And another thing: I'm an interior designer. My house looks like, well, a magazine. Mind you -- I did almost all the work myself because I couldn't afford to hire tradesmen. I learned plumbing, electrical, painting, paper hanging -- you name it. Enough trips to the hardware store and I can eventually get a project finished. And since this is something I like doing and have training to do the results are wonderful. But these guys seem to be intimidated by my interior design! What am I supposed to do -- have a garage sale, "trade down" for new furniture, paint the walls white and bring my house to "early tract shack" in order to find true love? Puh-leze.

So what now? Do I need to try to date men who are more on an even keel with me financially? Ones who aren't afraid of women who paint their living room walls and ceilings chinese red? Seriously -- do I need some kind of quiz to give them? I have figured out that they shouldn't see my house until we've gone out a few times. I need to build up to that gradually. I don't really care what their place looks like -- I mean they're guys, for crying out loud. I do expect it to be reasonably clean just as I expect them to be employed. But I KNOW that if their living place looked like mine that they would either be gay or too rich for my tastes. I just really like men that are down to earth, secure with themselves and who have a pretty positive approach to life, the universe and everything. Know what I mean? Whaddya think? Is this hopeless?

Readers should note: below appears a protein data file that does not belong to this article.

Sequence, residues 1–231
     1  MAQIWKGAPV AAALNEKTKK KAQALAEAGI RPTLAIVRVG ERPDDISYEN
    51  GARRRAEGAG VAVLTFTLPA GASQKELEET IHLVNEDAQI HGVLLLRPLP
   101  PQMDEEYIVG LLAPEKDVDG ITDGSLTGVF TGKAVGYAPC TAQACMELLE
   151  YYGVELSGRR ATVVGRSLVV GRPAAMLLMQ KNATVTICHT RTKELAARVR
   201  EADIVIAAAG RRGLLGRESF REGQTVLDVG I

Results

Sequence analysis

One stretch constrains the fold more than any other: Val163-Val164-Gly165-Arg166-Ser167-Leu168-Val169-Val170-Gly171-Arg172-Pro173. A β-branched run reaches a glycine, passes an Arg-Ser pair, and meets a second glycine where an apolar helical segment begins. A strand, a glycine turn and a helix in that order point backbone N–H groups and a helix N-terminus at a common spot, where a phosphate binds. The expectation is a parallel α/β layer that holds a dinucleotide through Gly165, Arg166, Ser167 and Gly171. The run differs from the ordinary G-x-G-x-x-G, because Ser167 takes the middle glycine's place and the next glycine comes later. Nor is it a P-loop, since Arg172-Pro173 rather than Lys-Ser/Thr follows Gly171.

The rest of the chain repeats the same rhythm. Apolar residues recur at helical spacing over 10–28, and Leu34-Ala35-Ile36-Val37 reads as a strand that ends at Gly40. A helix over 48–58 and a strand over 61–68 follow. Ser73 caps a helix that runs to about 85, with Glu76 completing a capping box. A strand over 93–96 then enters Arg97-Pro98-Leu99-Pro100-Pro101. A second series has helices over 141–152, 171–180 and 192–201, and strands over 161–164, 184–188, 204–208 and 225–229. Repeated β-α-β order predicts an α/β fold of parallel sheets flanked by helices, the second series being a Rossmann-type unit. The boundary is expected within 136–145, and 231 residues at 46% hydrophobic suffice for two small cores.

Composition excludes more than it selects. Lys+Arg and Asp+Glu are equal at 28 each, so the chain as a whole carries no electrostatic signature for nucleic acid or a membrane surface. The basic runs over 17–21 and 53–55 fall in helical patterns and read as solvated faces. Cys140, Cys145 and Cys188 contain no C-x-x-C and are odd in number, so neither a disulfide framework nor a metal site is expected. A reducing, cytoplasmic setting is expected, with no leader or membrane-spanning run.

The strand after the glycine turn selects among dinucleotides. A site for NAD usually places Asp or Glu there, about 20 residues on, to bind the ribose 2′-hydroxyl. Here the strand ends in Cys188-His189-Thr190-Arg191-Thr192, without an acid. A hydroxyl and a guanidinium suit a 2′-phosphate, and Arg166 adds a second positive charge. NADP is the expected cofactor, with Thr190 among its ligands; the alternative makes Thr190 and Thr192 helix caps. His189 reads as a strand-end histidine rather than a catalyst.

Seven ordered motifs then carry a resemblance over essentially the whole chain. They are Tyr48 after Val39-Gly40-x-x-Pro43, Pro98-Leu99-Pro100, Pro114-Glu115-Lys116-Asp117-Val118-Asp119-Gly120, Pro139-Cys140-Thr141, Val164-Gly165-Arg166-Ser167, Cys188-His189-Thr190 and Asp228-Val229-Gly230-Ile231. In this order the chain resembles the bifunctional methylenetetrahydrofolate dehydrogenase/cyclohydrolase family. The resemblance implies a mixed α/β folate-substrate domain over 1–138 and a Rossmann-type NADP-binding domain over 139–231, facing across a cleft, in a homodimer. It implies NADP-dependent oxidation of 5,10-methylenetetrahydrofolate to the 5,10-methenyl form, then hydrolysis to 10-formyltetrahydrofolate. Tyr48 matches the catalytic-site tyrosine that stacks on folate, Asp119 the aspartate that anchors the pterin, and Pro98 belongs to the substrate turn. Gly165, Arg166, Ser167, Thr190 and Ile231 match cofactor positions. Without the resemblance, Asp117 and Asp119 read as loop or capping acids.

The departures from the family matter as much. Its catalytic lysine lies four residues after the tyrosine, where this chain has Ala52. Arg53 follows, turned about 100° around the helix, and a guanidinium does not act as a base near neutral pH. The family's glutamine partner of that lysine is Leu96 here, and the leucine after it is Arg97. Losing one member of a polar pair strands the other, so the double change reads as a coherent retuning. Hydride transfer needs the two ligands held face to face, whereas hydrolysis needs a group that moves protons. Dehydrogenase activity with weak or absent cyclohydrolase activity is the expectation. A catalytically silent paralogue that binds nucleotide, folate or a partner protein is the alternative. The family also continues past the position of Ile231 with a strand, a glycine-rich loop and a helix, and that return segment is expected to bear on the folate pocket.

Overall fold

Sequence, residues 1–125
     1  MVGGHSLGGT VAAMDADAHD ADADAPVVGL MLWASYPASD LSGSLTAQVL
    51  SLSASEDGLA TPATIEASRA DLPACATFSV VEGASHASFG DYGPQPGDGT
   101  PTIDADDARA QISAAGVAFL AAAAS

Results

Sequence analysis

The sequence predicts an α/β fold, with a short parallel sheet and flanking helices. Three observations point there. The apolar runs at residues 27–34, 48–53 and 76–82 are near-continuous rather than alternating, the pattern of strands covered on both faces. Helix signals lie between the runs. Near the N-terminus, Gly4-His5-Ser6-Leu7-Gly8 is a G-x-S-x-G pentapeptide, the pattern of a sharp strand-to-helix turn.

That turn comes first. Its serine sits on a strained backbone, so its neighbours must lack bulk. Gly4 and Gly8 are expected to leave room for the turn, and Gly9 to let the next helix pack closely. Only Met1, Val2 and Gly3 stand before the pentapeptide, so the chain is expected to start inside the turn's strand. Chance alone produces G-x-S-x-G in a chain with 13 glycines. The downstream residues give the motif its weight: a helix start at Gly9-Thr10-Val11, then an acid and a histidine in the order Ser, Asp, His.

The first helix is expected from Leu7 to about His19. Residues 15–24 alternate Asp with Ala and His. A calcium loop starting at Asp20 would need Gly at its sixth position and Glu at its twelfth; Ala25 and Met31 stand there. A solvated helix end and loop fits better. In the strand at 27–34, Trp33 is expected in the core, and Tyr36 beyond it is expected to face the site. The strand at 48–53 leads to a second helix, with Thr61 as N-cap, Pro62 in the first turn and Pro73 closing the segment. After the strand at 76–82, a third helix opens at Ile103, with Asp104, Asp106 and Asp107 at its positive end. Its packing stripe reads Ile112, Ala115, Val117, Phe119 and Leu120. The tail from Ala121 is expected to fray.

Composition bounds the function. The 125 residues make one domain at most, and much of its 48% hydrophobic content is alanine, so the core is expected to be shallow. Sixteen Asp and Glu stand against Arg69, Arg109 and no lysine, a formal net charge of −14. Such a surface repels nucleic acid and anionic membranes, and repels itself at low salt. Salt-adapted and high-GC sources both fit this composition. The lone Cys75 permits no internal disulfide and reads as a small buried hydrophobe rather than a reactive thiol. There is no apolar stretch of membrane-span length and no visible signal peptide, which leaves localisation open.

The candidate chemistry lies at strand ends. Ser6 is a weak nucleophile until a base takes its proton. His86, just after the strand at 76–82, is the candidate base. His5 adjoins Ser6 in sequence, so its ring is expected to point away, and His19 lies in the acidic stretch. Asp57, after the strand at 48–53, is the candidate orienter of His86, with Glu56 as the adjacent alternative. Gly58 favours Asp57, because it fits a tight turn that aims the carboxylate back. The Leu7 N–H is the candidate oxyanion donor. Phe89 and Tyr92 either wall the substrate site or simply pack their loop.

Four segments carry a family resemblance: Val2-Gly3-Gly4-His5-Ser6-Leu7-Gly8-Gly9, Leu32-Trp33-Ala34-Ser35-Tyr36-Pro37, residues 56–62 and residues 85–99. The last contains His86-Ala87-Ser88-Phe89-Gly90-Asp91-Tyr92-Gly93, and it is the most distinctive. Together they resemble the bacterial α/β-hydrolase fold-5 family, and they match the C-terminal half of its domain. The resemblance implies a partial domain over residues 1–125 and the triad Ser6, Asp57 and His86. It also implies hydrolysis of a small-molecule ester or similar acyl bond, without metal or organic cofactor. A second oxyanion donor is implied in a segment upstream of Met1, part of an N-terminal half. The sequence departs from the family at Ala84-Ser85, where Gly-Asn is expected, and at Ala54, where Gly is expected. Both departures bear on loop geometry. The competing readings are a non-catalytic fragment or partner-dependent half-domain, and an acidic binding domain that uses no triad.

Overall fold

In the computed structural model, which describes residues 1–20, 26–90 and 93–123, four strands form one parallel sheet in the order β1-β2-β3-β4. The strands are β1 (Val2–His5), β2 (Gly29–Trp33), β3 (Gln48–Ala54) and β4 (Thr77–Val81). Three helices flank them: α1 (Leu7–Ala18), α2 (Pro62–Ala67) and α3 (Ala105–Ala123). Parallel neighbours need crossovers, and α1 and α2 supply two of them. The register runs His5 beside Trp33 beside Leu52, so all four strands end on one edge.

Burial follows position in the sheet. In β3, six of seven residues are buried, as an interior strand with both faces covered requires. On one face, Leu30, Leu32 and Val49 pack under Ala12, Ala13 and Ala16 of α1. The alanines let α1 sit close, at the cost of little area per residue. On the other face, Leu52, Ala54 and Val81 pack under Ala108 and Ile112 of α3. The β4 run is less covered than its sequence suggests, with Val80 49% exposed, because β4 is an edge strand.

-- Donna

Dear Donna,

With all due respect, you're not that rich. In no way do I mean to belittle your clear sturdiness and success, not to mention the material and spiritual satisfaction that they seem to bring you. But -- no matter where you cost-of-living is calculated -- in the big objective economic scheme of things, $40,000 is not that much. Or at least not so much as to be the stuff of intimidating first dates involving helicopters, private islands, too many forks, etc.

So I'm thinking that this "intimidation" thing may be all in your head -- or, more usefully put, all in your actions and attitudes, not to mention your curtains. First of all, Blue Collar never actually said the thing about your being "more together" than he, did he? And even though, well, it sounds like you are, I also think you are working it. You are a do-it-yourselfer, Donna, which I totally admire. The Martha/Bob Villa in me would love nothing more than to, you know, build a trellis and to spackle, like, everything. And I bet understanding the skills and wires and pipes and beams makes you a better designer.

But I wonder whether, in relationships or on dates, you also work around the Tradesman in question. Whether he feels like -- even when he pays all or half -- it's because you've already done the math, made the suggestion. Whether, at the end of the day, he feels like there's not much left for him to do around there. Someone might tell you that guys need to feel that they are taking some degree of care, of charge, of charge cards. Maybe. But everyone, male and female, needs to know and feel that they are needed, handy, difference-making. Not just on a tour of someone else's fabulous together showroom life. This may be what's missing for you and yours.

So no, you do not have to date men of equal salary/stature/whatever. But if you do not want to wander your big red rooms alone, then you also do not have to date hapless guys for whom you appear to be a stabilizing force, and then saying "there he goes again" if they wind up feeling smaller than your sofa. You also, bottom line, should not have to define your own security by ta-da-ing it to others. That above all, is something you do yourself.

Breakup Girl